“It is said that Minoh is derived from “MINO (a basket for winnowing rice)”, because the shape of falling water of the Minoh great waterfall with a fall of 33 meters seems like “MINO.”

falls6We hiked to the falls.  Avalon made it!  She wanted to give up several times but she kept going!  Every time she was passed by a child that looked to be toddler aged I told her she couldn’t give up.  Kaiyo played Pokemon Go for much of the way and he said there were a lot of rare and very exciting Pokemon on this trail.  John bought momiji no tempura to eat on the way down.  He wants to try every local treat he sees.  Here is what that same website says about this treat:

momiji snack“Walking in Taki-michi, you would smell something sweet.  It comes from “Momiji no Tempura” that is one of specialties of Minoh.  Among Japanese foods, tempura is fried fishes and vegetables that are eaten as a side dish, but “Momiji no Tempura” is eaten as sweets.  The leaves of a maple tree are salted for one year and are fried with good quality flour, white sesame and sugar in grape seed oils.  It is very fragrant and crispy.  The shopkeepers fry it carefully one by one regardless of the weather in shops facing Taki-michi.  It is one of special features of Taki-michi.”

I thought it tasted a lot like fried air.  I could see the leaf in there though.  It was interesting but very greasy.  The fried leaves were very delicate and beautiful though.


KaiyofootsoakThere was a place to soak your weary feet at the bottom of the trail and Avalon and John couldn’t wait to take their socks and shoes off!  Kaiyo found a young boy to play Pokemon Go with, and I just studied the info guide till everyone was ready.

By the time we got back to the downtown train station area we were all hungry.  Especially Kaiyo and Avalon.  John and I had heard about some great vegetarian restaurants around downtown and we wanted to try them.  But Kaiyo and Avalon were against that.  So they bought lunch at a nearby convenience store (I’ll have to write a post on the vast array of 7-11 and other convenience stores that sell amazingly tasty food options).  John and I ended up at a great Indian restaurant called Dip Rasna.  Not sure what that means, but it was tasty!  Near the end of the meal the kids were getting antsy.  So I decided to leave John with the bill and take them across the street to a hyaku-en store – translated in American speak as “the dollar store.”  You may have seen Daiso stores pop up around several California cities and possibly beyond?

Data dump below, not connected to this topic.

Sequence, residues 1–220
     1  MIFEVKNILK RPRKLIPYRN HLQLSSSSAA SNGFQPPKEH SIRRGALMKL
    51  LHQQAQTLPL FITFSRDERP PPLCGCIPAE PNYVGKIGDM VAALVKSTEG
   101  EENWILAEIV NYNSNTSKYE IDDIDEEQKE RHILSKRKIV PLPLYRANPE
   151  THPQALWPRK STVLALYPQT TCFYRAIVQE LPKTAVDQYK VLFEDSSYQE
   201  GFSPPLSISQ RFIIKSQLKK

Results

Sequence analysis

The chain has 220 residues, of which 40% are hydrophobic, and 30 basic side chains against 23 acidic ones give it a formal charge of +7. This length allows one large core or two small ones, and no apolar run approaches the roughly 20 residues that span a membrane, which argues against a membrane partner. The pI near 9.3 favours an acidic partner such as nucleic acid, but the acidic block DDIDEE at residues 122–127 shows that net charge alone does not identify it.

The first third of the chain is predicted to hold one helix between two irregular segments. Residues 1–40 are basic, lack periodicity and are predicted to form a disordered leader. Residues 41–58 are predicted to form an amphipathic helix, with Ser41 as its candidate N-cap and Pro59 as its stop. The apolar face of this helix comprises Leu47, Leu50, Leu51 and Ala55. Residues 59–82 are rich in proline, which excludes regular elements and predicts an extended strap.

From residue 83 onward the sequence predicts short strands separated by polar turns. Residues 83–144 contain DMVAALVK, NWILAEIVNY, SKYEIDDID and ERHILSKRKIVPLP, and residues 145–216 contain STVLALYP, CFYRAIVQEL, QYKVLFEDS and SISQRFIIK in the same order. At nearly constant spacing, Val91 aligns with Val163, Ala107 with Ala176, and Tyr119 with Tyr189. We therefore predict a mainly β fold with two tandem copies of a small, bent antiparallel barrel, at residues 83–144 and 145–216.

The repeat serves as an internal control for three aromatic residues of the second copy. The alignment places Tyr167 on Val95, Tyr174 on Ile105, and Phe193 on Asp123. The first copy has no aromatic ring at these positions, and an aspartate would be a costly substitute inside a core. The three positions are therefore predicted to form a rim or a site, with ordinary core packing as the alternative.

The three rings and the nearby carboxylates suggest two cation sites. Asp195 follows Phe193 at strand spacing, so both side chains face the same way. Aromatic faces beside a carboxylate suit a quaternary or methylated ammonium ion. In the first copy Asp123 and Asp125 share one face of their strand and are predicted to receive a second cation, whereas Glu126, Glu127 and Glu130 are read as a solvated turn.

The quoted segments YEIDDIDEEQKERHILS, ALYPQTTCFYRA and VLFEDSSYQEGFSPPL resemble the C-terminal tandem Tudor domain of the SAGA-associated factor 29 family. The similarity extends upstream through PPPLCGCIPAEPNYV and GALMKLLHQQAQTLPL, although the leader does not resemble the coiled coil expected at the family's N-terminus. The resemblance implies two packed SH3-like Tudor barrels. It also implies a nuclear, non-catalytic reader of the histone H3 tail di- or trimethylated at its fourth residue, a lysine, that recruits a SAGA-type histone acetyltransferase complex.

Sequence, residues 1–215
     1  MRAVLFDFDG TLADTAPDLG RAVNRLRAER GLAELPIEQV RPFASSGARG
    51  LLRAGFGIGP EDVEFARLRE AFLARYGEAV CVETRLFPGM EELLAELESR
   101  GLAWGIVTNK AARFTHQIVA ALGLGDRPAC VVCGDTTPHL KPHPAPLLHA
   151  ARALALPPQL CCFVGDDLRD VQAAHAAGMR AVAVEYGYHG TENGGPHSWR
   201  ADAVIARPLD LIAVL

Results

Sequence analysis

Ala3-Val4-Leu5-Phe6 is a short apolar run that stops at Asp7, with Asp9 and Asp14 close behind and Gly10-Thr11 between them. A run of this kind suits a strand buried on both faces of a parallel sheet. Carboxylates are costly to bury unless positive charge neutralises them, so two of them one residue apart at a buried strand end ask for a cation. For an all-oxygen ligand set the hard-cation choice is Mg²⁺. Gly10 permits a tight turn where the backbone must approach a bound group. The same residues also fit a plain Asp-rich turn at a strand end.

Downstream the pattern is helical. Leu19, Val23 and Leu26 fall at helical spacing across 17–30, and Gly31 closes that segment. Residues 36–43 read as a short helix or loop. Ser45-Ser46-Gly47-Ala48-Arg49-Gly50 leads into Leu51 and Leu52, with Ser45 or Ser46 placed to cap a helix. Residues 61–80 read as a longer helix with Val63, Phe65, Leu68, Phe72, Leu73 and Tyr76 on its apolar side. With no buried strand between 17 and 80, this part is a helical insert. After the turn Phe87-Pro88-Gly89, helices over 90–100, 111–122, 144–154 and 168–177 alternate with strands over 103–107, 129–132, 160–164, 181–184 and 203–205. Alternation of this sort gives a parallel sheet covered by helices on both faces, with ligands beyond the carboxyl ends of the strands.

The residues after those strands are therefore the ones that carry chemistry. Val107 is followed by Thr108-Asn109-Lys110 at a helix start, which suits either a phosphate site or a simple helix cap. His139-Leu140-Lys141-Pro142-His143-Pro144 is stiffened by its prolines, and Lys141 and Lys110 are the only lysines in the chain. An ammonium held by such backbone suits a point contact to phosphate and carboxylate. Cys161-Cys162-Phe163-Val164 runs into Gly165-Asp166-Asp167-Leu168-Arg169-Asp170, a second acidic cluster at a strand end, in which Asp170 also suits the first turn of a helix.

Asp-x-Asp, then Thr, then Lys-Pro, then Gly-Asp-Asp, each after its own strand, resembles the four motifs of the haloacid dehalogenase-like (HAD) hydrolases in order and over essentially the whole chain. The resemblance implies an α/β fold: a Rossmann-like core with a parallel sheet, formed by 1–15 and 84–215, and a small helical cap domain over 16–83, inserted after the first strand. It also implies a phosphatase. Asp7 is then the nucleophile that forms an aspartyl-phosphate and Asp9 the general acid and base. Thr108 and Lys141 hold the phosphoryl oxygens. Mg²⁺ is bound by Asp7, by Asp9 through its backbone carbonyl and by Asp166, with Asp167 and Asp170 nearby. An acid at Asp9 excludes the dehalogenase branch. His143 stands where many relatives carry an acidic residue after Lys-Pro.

The hyaku-en store is fantastic.  You can find so many things to buy and the quality is good.  Everyone shops at the hyaku-en store.  The kids love it.  While we were there browsing, John appeared in the aisle to tell us that the Indian restaurant is cash only.  (And remember, he only had US dollars on him).  So we had to yet again beg Avalon for her cash.  She wasn’t being agreeable and she actually said in her loud, sassy voice, “I CONTROL THE MONEY!”

She finally reluctantly handed over 3,000 yen so that John could pay the bill.  It was pretty funny actually.  The people at the Indian restaurant were incredibly nice and they probably thought we were clueless tourists – which isn’t too far off.

Then we finished our shopping at the hyaku-en store and we reached the cashier and wouldn’t you know — cash only!  Except this time Avalon had run out of money!!  She didn’t have enough to pay our dollar store tab!!  Aaargh.  This is a lesson to carry cash in Japan.  No wonder you can withdraw 200,000 yen from the ATM at once.

We found an ATM, John took out several thousand yen and we paid Avalon back and also went back to finish buying our things.  Avalon was very bratty about her money!  Next time she wants something from me we will remember this day!